Sunday, November 29, 2009

Bhopal's night of terror

The Hindu, Sunday Magazine, November 29, 2009


Twenty-five years after the Bhopal Gas Disaster, justice still eludes the victims…

There are many smaller Bhopals that have occurred since 1984 and keep on taking place, often unreported.

Ongoing struggle: Victims of the world's worst industrial disaster still haven't got their due. Photo: S. Subramanium

This past week has been one where one anniversary has dominated the news — that of the terror attack on Mumbai on November 26, 2008. The date is like a permanent scar on the memory of not only Mumbai but also on the collective memory of the rest of India that watched the 60-hour siege and battle as it unfolded on television.

But in the coming week there is another anniversary that unfortunately will not draw the same kind of media attention. Twenty-five years ago, on a winter night of December 2/3 1984, deadly poisonous gas leaked out from the tanks of the Union Carbide factory in Bhopal and killed over 3,000 people. The factory was located in a densely populated area. As the sirens went off in its premises, indicating an emergency, the mostly poor people living around it rushed out to witness a dense cloud of smoke emerging from the factory. In no time, the cloud had spread to the areas close by and beyond. As terrified men, women, children ran in panic, not knowing what this was or where they should run, they inhaled vast quantities of the poisons contained in that cloud. The immediate sensations were burning eyes, breathing difficulties and vomiting. Those who found a quick way to move out of the area survived; the others, including children and the elderly, died on the spot.


As morning broke, the poison had a name. It was methyl isocyanate (MIC), used by Union Carbide to produce a fertilizer. A runaway reaction inside a tank containing 42 tonnes of this deadly chemical resulted in it spewing out of the tank. Local hospitals, inundated with thousands of panicked residents, had no knowledge of what to administer and the company provided no information or antidote. Indeed, for years it argued that MIC would not lead to any long-term effects. The story of Bhopal has conclusively proved this wrong. An estimated 20,000 people have died from complications resulting from inhaling MIC and other chemicals released into the air that night.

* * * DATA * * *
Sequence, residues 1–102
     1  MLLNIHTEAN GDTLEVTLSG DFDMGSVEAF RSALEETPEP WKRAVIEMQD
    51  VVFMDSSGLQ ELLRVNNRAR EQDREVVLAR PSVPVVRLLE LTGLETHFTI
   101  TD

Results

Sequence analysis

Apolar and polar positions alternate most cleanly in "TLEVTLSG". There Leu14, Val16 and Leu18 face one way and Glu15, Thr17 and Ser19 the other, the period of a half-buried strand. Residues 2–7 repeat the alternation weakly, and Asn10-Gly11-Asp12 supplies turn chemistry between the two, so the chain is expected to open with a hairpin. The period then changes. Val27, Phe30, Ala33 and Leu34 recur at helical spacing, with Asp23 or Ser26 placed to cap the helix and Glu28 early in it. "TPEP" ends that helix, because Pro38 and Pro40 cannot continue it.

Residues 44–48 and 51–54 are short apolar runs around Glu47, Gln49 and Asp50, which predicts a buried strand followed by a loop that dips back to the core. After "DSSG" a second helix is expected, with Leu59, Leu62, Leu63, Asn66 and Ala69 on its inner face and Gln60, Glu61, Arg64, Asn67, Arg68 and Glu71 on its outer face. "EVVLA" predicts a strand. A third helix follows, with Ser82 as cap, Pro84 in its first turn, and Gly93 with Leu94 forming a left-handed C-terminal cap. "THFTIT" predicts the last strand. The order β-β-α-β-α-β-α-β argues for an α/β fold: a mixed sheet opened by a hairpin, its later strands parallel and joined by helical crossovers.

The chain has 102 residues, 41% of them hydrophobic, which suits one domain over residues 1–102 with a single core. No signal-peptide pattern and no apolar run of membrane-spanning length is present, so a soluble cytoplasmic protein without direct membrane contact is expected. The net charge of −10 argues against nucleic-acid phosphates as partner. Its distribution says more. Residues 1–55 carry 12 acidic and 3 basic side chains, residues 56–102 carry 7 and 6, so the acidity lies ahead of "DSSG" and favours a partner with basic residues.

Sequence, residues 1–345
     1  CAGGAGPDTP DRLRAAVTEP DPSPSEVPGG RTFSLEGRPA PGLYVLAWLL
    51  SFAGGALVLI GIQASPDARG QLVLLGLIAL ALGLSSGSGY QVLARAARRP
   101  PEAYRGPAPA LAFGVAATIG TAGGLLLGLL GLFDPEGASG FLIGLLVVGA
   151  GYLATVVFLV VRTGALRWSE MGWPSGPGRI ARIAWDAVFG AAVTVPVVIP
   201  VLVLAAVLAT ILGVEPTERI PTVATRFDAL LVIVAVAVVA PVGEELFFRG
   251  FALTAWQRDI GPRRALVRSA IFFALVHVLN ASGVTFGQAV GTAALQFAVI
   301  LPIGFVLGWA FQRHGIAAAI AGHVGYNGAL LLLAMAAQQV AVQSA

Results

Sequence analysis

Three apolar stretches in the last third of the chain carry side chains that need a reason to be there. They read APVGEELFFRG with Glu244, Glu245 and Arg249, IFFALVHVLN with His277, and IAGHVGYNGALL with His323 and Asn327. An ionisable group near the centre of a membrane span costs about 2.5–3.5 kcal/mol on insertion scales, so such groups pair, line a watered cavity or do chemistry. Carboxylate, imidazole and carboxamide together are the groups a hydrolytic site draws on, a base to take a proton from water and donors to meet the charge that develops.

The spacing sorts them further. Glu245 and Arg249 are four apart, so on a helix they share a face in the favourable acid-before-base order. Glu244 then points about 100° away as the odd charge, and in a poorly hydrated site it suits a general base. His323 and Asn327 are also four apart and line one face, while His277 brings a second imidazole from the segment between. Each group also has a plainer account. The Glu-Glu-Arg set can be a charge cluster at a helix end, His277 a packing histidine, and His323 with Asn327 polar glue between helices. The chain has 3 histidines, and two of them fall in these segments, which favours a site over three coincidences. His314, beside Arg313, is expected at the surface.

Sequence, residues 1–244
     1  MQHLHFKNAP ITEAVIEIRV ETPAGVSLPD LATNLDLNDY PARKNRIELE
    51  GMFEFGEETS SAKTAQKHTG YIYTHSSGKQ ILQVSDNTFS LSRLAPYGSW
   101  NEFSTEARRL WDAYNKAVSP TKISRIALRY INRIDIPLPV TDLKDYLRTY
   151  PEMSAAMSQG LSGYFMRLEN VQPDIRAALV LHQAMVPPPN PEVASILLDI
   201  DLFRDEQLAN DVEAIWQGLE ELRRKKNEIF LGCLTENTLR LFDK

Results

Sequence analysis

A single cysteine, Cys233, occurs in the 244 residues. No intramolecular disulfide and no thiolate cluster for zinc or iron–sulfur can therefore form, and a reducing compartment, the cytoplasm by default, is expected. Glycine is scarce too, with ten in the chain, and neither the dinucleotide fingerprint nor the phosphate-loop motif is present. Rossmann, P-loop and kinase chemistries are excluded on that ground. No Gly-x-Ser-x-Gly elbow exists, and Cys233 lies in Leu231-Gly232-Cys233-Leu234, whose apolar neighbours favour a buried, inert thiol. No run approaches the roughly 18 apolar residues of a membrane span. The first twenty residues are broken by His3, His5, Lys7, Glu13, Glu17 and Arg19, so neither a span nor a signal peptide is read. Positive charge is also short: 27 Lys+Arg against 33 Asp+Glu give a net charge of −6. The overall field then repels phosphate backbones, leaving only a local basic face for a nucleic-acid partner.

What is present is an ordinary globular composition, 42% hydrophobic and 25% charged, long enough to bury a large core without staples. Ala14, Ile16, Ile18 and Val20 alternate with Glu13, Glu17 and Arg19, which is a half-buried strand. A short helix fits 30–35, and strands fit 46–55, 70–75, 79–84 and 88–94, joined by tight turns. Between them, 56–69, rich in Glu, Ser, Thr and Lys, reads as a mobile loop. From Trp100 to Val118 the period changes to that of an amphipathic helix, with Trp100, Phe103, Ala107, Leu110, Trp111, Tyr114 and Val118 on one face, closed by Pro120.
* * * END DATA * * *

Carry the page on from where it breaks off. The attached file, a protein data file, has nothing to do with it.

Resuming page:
On any count, this is one of the worst stories of callousness. The Bhopal Gas Disaster is still known as the world's worst industrial accident. The accident itself, what followed immediately afterwards, the manner in which the case against Union Carbide was hastily settled by the Indian government for an unconscionably low amount of just $470 million, the desperate struggle of survivors for payment of that settlement and for medical treatment, the callous and cavalier manner in which the rotting plant continued to stand as a reminder of that night of horror, the fact that it successfully poisoned all the water sources in its surroundings, thereby punishing the victims yet again — the list of crimes and misdemeanors is long and will leave you breathless. Yet, the indifference continues even today. The pleas, demonstrations, petitions of thousands of women, men and children make little difference.

Twenty-five years is a long time. At the time of the accident, the government accepted that the affected population could be over 500,000. It was also known then, that a large proportion of these would be young. Thousands of pregnant women were amongst those affected. Inevitably, the symptoms would appear over time and would need to be treated. If people were unable to work as a result, they would need to be rehabilitated.

The government at the Centre and in Madhya Pradesh can claim that it has done all this. But the reality on the ground is that the survivors have had to struggle every inch of the way to get their entitlements — compensation, healthcare, work and a clean environment. To compound the tragedy, the rotting plant remained where it was with no one prepared to accept responsibility for the poisons that still continued to leach out from its soil. Over time, these poisons made their way into the wells and water supply in the surrounding area, adding to the burden of illness that the unfortunate people living around the plant have had to live with.

(To read the rest of the article, click on the link above)

Saturday, November 28, 2009

26/11 and all that anger

The little girl selling candles outside the Taj Mahal hotel was having the best time on November 26. No one quibbled when she asked for Rs. 10 for each candle. All kinds of Mumbaikars bought candles from her and others like her, and lit them ritualistically outside the hotel. Every now and then they would pause as they noticed one of hundreds of photographers positioning themselves to take the definitive picture of Mumbai in mourning a year after the terror attack.

While several thousands of Mumbai’s residents thronged the area in front of the Taj, a virtual wall made up of vehicles with generators separated them from another ceremony on the other side of the plaza around the Gateway of India. This was the VIP mourning session. The aam admi was kept out and Mumbai’s police were tasked with the job of ensuring that this distance between the important and the unimportant remain intact.